Legionnaires’ Disease

Legionnaires Installation

“Mystery of the Killer Fever”

The first new infectious disease challenge came in 1976, when CDC received a report of an outbreak of a mystery illness in Pennsylvania. Within a few weeks, 221 people across Pennsylvania were sick, and 34 had died from a severe respiratory illness. Media coverage was unprecedented for the agency, as this was the first mystery disease in the U.S. in recent memory. Media-related objects displayed here note the mystery surrounding the new disease. An enlarged cover of Newsweek magazine warns of the “Mystery of the Killer Fever” and a TIME magazine shows a hand holding a vial with the title, “Disease Detectives Tracing the Philly Killer.” Both covers show the sense of panic people felt regarding the mysterious illness.

The Pennsylvania State Health Department requested assistance from CDC, so a team of Epidemic Intelligence Service Officers was sent in to investigate. The team determined that most people affected by the mystery illness had attended the American Legion convention at the Bellevue-Stratford hotel in Philadelphia, Pennsylvania. While this was helpful information, the team continued to collect data to determine the specific source of the outbreak. They tested objects like a hat and pin that belonged to a conference attendee and cigarettes that were given to participants in their conference materials. The team also asked conference attendees questions that could help determine a common exposure, such as where each person slept and where they ate. They used maps of Pennsylvania, like the one printed in Newsweek on display here, Philadelphia city maps, and a Sanborn Fire Insurance map of the Bellevue-Stratford hotel to compare location similarities and differences between sick and non-affected people. After spending weeks collecting and reviewing data, the team suspected the pathogen was airborne, but extensive lab tests yielded no results.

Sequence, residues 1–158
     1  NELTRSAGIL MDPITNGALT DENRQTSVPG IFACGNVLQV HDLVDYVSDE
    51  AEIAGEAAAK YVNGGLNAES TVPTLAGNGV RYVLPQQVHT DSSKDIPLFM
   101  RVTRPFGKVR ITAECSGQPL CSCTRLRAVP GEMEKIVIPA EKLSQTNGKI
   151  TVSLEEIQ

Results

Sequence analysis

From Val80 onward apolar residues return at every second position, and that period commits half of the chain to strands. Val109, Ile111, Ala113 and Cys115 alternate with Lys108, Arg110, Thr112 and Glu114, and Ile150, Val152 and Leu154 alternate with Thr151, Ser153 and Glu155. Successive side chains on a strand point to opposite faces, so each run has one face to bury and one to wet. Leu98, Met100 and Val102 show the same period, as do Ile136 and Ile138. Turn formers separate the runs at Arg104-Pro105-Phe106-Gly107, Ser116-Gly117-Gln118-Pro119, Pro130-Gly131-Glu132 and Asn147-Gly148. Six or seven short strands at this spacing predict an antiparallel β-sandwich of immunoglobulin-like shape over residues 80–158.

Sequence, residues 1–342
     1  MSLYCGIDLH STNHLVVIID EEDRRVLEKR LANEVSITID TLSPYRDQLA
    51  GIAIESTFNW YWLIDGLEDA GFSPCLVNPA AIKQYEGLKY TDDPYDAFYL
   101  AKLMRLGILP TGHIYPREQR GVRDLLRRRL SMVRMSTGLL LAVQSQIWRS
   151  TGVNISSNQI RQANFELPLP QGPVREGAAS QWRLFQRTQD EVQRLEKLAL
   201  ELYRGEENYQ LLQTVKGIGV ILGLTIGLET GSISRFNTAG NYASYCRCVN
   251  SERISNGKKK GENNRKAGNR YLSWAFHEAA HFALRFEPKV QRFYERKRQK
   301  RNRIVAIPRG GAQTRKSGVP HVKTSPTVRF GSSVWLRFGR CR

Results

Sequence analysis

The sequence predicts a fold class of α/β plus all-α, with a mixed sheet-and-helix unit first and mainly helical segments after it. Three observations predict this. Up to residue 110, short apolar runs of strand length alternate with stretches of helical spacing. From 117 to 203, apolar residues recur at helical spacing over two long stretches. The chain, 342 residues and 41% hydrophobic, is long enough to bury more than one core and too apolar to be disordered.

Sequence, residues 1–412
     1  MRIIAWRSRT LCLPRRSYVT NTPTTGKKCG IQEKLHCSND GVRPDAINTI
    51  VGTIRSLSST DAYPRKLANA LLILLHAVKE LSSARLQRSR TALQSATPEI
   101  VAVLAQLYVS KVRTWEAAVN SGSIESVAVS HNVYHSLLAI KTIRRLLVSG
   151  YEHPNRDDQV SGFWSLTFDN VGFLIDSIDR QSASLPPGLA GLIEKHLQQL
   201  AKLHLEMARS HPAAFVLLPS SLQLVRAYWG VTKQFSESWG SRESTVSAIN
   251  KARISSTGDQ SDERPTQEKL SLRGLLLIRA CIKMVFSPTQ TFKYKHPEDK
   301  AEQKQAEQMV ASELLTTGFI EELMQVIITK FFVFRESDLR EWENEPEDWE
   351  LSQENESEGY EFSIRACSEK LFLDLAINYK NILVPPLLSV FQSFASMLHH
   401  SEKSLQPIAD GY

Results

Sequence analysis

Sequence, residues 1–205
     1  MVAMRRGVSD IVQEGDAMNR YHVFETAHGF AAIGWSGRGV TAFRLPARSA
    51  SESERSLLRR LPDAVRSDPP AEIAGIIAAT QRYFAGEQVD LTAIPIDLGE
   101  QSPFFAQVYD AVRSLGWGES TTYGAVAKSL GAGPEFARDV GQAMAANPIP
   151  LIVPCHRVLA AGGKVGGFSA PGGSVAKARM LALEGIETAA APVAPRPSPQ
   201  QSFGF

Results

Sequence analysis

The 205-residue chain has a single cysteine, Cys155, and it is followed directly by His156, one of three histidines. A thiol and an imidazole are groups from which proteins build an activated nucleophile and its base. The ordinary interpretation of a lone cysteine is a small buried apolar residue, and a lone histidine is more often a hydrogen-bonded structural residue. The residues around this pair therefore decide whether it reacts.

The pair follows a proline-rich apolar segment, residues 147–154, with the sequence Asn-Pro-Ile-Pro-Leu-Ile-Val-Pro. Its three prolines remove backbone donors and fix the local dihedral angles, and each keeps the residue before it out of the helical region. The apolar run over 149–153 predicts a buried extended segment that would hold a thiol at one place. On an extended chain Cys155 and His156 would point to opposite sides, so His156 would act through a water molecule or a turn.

Dr McDade

Dr. McDade’s Discovery

Months after the end of the investigation, a CDC microbiologist named Dr. Joseph McDade, whose photograph is shown, revisited the lab cultures and was able to isolate a new bacterium. He named it Legionella pneumophila, after the Legionnaires’ convention.

Chiller Water

“Chiller Water”

This newly identified pathogen was suspected of contaminating the Bellevue Stratford’s air conditioning system. The exhibit displays a large glass jug filled with chiller water taken from the Bellevue-Stratford Hotel’s cooling system during the outbreak investigation. Since 1976, air conditioning systems changed and agencies around the world have more stringent cleaning and hygiene standards for cooling towers and large-scale air-conditioning systems. The nationwide attention CDC received became the new norm for the agency, as the country began to see CDC as the leader in protecting the nation against potential new diseases.

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